Evolution and Systematics
The gular sack of nightjars helps to dissipate heat efficiently by vibrating.
"An important environmental adaptation for many caprimulgiformes is the ability to withstand high ambient temperature (Ta). Birds of this order are most common in warm climates, and frogmouths, potoos, and nightjars all roost and nest in the open where they can be subjected to long periods of direct sun exposure. In these circumstances, they avoid hyperthermia by using evaporative cooling strategies. Nightjars dissipate heat by gular fluttering, during which the mouth is opened, the rate of blood flow to the buccal area is increased, and the moist gular area is rapidly vibrated." (Fowler and Miller 2003: 225)
"When poorwills are exposed to high temperatures, they increase evaporation of water by initiation of gular flutter and by some increase in breathing rate. Gular flutter supplements evaporation due to respiration, and involves a rapid vibration of the moist membranes of the gular region, driven by the hyoid. The rate of gular flutter in the poorwill is relatively constant and independent of heat load, and evaporation due to flutter is modulated by varying the amount of time spent fluttering, as well as the amount of air moved per flutter." (Lasiewski 1969:1504)
Watch Video (doesn't show gular fluttering, but beautiful!)
Watch Video (gular fluttering of a heron chick)
Learn more about this functional adaptation.
Molecular Biology and Genetics
Statistics of barcoding coverage
Specimens with Sequences:196
Specimens with Barcodes:188
Species With Barcodes:33
Nightjars are medium-sized nocturnal or crepuscular birds in the family Caprimulgidae, characterized by long wings, short legs and very short bills. They are sometimes called goatsuckers, due to the ancient folk tale that they sucked the milk from goats (the Latin for goatsucker is Caprimulgus). Some New World species are called nighthawks. Nightjars usually nest on the ground.
The English word 'nightjar' originally referred to the European nightjar.
Nightjars are found around the world. They are mostly active in the late evening and early morning or at night, and feed predominantly on moths and other large flying insects.
Most have small feet, of little use for walking, and long pointed wings. Their soft plumage is cryptically coloured to resemble bark or leaves. Some species, unusual for birds, perch along a branch, rather than across it. This helps to conceal them during the day. Bracken is their preferred habitat.
The common poorwill, Phalaenoptilus nuttallii is unique as a bird that undergoes a form of hibernation, becoming torpid and with a much reduced body temperature for weeks or months, although other nightjars can enter a state of torpor for shorter periods.
Nightjars lay one or two patterned eggs directly onto bare ground. It has been suggested that nightjars will move their eggs and chicks from the nesting site in the event of danger by carrying them in their mouths. This suggestion has been repeated many times in ornithology books, but while this may accidentally happen, surveys of nightjar research have found very little evidence to support this idea.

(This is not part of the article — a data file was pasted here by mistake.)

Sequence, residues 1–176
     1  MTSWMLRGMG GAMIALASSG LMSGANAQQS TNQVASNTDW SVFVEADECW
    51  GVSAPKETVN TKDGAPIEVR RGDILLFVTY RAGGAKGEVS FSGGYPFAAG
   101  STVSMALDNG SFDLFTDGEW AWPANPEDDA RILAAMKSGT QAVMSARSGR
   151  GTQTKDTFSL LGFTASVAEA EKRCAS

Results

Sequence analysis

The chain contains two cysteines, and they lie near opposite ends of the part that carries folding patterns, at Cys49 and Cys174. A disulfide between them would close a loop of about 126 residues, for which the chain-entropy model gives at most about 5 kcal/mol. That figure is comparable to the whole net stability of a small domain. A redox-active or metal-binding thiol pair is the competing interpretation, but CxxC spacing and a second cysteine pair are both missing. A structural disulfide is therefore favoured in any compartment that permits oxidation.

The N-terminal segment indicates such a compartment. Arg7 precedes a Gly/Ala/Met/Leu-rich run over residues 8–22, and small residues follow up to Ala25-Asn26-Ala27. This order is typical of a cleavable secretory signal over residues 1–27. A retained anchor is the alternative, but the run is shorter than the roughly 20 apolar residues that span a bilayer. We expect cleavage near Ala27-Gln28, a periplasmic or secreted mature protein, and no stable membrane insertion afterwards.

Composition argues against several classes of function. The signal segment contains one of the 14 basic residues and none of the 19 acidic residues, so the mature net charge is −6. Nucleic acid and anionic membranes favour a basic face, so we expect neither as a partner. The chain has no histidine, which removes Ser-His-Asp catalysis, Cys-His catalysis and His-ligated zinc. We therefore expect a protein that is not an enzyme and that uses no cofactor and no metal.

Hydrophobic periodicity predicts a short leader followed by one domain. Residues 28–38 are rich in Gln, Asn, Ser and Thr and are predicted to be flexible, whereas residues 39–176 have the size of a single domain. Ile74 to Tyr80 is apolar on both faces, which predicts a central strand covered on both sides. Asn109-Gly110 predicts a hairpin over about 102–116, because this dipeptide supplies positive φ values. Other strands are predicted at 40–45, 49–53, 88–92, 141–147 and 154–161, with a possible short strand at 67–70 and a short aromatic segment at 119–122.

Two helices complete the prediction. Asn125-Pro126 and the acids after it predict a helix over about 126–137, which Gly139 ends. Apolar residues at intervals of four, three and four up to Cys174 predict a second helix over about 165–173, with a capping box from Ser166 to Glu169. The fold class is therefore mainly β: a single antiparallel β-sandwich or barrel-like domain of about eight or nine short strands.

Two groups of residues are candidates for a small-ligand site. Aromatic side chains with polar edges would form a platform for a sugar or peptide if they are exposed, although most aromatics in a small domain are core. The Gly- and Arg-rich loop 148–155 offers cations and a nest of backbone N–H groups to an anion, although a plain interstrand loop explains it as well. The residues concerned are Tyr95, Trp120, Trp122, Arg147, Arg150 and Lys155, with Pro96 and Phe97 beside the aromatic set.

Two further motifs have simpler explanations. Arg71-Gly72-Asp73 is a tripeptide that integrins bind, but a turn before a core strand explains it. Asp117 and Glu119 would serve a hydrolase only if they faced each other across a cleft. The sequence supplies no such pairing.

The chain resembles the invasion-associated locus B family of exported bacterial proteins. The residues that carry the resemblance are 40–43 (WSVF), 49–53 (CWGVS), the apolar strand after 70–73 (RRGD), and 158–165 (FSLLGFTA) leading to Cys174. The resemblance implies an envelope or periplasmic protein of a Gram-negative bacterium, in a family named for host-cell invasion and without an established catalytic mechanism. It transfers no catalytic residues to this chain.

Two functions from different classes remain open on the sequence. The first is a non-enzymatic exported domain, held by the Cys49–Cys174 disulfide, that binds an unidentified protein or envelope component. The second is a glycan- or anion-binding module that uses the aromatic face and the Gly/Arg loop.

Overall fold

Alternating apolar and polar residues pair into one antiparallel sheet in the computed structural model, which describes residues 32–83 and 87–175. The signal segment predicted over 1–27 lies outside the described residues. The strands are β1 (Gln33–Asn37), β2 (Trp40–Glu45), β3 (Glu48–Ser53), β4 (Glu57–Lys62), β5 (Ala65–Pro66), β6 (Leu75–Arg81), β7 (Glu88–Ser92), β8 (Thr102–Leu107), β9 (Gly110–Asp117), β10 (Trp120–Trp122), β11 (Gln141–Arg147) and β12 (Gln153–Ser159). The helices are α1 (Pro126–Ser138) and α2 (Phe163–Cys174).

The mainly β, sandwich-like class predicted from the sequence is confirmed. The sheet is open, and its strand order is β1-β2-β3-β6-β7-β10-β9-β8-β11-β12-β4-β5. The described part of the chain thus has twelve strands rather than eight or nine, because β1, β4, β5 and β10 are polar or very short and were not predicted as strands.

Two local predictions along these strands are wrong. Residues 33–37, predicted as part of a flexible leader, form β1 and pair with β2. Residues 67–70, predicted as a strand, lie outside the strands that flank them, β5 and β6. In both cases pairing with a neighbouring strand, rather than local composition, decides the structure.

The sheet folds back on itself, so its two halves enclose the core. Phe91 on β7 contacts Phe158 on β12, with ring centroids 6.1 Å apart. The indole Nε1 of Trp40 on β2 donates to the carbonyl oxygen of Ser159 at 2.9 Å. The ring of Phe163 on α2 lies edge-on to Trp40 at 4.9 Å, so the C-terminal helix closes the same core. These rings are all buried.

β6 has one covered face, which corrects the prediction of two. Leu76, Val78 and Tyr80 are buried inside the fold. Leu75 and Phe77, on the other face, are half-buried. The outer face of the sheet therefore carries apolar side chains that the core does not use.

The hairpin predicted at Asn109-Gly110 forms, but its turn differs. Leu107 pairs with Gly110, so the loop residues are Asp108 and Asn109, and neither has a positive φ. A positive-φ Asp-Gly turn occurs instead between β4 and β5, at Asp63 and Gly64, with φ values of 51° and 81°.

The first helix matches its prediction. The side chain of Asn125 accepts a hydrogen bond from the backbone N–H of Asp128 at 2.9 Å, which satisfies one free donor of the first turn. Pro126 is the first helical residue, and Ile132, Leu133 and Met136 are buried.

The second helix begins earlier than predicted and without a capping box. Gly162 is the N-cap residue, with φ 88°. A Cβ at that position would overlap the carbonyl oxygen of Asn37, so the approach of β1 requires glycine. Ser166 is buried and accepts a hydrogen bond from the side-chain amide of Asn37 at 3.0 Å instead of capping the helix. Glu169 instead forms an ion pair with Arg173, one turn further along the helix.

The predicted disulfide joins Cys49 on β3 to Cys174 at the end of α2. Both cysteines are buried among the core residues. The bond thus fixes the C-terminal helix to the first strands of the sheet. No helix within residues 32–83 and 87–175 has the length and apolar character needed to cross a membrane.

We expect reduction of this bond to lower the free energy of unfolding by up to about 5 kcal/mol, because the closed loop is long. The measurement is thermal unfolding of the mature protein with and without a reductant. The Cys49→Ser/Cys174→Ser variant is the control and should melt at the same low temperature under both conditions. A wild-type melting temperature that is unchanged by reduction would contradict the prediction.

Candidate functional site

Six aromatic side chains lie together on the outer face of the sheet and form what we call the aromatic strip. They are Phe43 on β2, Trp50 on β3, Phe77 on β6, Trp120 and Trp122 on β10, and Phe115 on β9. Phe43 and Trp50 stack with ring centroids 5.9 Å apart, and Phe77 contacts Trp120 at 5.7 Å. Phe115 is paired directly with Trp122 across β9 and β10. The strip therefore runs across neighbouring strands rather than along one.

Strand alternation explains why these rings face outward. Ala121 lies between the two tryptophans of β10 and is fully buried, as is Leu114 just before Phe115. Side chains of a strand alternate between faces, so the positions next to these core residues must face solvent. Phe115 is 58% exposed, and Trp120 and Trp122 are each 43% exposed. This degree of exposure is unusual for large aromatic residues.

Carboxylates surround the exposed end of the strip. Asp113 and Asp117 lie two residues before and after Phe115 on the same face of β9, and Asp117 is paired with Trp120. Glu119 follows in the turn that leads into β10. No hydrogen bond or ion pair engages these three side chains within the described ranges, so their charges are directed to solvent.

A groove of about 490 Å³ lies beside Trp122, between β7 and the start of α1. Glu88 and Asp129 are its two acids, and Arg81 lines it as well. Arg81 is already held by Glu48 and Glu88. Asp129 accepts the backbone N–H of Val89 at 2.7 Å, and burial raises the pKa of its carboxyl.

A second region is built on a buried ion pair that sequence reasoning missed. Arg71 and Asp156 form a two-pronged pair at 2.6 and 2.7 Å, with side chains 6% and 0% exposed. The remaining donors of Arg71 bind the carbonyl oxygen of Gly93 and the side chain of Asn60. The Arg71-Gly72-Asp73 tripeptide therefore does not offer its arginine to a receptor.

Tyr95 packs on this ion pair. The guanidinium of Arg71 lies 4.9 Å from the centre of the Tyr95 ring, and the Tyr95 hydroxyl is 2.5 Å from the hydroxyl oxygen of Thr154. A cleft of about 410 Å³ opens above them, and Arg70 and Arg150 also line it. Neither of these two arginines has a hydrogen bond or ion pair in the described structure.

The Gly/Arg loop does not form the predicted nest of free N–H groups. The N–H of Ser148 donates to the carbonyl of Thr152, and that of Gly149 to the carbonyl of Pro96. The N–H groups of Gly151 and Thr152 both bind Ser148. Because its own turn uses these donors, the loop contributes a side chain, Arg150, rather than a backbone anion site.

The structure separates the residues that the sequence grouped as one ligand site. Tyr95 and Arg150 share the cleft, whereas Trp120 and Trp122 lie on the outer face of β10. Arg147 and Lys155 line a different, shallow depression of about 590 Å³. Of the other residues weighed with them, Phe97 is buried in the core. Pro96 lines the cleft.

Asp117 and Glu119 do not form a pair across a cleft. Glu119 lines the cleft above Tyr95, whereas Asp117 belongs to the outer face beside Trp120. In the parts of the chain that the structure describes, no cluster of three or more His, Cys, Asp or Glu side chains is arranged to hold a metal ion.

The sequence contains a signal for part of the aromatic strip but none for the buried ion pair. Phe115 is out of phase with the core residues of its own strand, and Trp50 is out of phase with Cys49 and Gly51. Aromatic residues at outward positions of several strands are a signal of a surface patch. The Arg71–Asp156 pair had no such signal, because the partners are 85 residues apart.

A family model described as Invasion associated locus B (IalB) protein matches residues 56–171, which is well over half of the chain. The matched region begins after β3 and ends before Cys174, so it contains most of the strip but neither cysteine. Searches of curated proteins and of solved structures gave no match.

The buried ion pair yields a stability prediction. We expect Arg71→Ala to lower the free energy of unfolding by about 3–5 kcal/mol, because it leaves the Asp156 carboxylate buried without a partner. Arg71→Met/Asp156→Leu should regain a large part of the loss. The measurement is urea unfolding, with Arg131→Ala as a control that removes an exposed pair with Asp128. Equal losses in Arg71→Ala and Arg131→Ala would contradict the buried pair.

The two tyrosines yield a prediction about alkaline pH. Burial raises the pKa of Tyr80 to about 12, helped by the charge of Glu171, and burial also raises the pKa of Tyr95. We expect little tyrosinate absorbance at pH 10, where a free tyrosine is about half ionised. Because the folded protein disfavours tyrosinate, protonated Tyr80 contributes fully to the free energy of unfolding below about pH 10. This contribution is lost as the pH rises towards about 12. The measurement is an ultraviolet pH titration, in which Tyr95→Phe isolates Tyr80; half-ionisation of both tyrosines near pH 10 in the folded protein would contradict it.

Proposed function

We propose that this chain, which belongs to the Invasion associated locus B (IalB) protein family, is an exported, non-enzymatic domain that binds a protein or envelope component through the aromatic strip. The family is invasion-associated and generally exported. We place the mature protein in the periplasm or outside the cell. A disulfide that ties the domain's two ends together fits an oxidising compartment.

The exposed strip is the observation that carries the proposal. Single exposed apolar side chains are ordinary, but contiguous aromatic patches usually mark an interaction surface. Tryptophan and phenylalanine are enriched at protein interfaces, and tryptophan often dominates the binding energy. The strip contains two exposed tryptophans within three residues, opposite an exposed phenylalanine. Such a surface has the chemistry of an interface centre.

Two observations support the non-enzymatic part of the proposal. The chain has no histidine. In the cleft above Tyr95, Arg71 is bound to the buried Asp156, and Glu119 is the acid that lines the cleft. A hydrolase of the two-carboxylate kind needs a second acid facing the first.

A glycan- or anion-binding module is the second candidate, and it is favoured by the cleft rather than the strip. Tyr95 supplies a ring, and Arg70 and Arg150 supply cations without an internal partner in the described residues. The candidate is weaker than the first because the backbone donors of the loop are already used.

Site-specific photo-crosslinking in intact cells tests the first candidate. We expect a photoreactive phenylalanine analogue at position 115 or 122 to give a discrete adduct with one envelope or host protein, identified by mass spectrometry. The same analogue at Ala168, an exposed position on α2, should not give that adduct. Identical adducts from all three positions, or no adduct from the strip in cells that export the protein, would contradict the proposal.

Working out conservation strategies for some species of nightjar presents a particular challenge common to other hard-to-see families of birds; in a few cases, humans do not have enough data on whether a bird is rare or not. This has nothing to do with any lack of effort. It reflects, rather, the difficulty in locating and identifying a small number of those species of birds among the 10,000 or so that exist in the world, given the limitations of human beings. A perfect example is the Vaurie's nightjar in China's south-western Xinjiang. It has been seen for certain only once, in 1929, a specimen that was held in the hand. Surveys in the 1970s and 1990s failed to find it. It is perfectly possible that it has evolved as a species that can only really be identified in the wild by other Vaurie's nightjars, rather than by humans. As a result, scientists do not know whether it is extinct, endangered, or even locally common.
Traditionally, nightjars have been divided into two subfamilies: the Caprimulginae, or typical nightjars with about 80 species, and the Chordeilinae, or nighthawks of the New World with about 19 species. The two groups are similar in most respects, but the typical nightjars have rictal bristles, longer bills, and softer plumage. In their pioneering DNA-DNA hybridisation work, Sibley and Ahlquist found that the genetic difference between the eared-nightjars and the typical nightjars was, in fact, greater than that between the typical nightjars and the nighthawks of the New World. Accordingly, they placed the eared-nightjars in a separate family: Eurostopodidae.
Subsequent work, both morphological and genetic, has provided support for the separation of the typical and the eared-nightjars, and some authorities have adopted this Sibley-Ahlquist recommendation, and also the more far-reaching one to group all the owls (traditionally Strigiformes) together in the Caprimulgiformes. The listing below retains a more orthodox arrangement, but recognises the eared-nightjars as a separate group. For more detail and an alternative classification scheme, see Caprimulgiformes and Sibley-Ahlquist taxonomy.
Subfamily Chordeilinae (nighthawks)
- Genus Eurostopodus (7 species)
- Genus Lyncornis (2 species
- Genus Nyctiprogne (2 species)
- Genus Lurocalis (2 species)
- Genus Chordeiles (6 species)
Subfamily Caprimulginae — (typical nightjars)
- Genus Nyctipolus – (2 species)
- Genus Nyctidromus – (2 species)
- Genus Phalaenoptilus – common poorwill
- Genus Siphonorhis – (2 living species)
- Genus Nyctiphrynus – (4 species)
- Genus Caprimulgus – (40 species, including the European nightjar)
- Genus Veles – brown nightjar
- Genus Setopagis – (4 species)
- Genus Gactornis – collared nightjar
- Genus Antrostomus – (12 species)
- Genus Hydropsalis – (4 species)
- Genus Uropsalis (2 species)
- Genus Macropsalis – long-trained nightjar
- Genus Eleothreptus – (2 species)
- Genus Systellura – band-winged nightjar
Also see a list of nightjars, sortable by common and binomial names.